Although most of the media attention has been focussed so far on Volkswagen's admitted use of a defeat device on roughly 480,000 cars in the US, and 11 million worldwide, equipped with the EA189 turbo-diesel engine, which detects when the car is being tested under lab conditions, there has also criticism of the government agency that was hoodwinked.
In response, the EPA announced on Friday afternoon (US time) that it would begin doing spot checks on manufacturers' vehicles and that it would use "driving cycles and conditions that may reasonably be expected to be encountered in normal operation and use".
Chris Grundler, the director of the Office of Transportation and Air Quality at the EPA, told The Wall Street Journal: "We aren’t going to tell them what these tests are, they don’t need to know. They only need to know we will be keeping their vehicles longer and driving them more."
The director added that the EPA's actions will be done in co-ordination with Canadian authorities, and that it has begun spot checks of 2015 and 2016 model year diesel cars, including rental vehicles.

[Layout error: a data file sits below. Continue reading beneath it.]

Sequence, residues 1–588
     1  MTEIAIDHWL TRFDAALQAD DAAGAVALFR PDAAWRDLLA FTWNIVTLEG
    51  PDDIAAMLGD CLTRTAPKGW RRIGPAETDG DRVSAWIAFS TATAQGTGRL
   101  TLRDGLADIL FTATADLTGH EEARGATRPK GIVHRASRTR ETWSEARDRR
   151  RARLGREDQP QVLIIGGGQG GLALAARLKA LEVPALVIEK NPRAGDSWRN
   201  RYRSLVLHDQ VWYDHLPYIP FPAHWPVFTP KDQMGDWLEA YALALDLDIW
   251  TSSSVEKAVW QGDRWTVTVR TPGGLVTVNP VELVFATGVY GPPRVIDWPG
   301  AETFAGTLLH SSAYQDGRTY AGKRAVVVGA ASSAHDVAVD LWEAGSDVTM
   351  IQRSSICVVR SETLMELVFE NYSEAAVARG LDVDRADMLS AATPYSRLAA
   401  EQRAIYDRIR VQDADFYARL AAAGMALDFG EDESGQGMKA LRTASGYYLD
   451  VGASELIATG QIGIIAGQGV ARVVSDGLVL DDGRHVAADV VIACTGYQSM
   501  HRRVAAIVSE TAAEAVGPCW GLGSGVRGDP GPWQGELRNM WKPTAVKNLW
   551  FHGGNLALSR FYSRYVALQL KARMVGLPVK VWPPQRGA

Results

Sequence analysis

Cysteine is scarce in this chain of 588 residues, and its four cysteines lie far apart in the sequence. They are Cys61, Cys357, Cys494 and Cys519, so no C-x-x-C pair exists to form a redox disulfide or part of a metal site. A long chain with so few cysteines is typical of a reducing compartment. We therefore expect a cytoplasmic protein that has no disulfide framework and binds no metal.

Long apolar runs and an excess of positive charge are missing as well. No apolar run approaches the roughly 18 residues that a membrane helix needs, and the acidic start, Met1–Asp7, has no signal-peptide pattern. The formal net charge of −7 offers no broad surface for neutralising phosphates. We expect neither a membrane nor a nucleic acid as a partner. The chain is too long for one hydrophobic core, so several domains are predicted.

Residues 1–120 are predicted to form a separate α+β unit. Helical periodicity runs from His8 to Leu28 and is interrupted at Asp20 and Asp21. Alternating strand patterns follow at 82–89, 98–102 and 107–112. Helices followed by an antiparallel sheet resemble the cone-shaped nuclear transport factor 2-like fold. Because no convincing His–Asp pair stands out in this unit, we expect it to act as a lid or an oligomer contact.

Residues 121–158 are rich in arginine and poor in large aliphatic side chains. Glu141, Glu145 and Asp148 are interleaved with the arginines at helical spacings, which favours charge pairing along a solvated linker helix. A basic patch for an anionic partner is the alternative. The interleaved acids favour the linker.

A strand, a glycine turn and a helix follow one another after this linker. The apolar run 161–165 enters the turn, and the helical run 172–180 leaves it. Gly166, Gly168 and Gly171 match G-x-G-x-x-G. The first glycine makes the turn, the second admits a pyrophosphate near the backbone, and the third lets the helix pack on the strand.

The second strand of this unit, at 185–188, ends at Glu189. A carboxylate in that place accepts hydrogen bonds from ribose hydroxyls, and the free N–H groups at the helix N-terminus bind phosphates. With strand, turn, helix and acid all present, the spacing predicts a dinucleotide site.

According to the organisation, these new ad hoc tests have been implemented to detect any potential defeat device, as well as deter their future use.
Automakers have been warned that these additional tests may delay certification for their cars and that test vehicles will incur additional mileage.
The new tests will be done in addition to the current regime of lab tests to calculate emissions and fuel economy.
Some European nations and other countries have expressed a willingness this week to toughen their certification and verification processes around car emissions in the wake of the Volkswagen affair.
You can read the EPA's notice to all car makers here.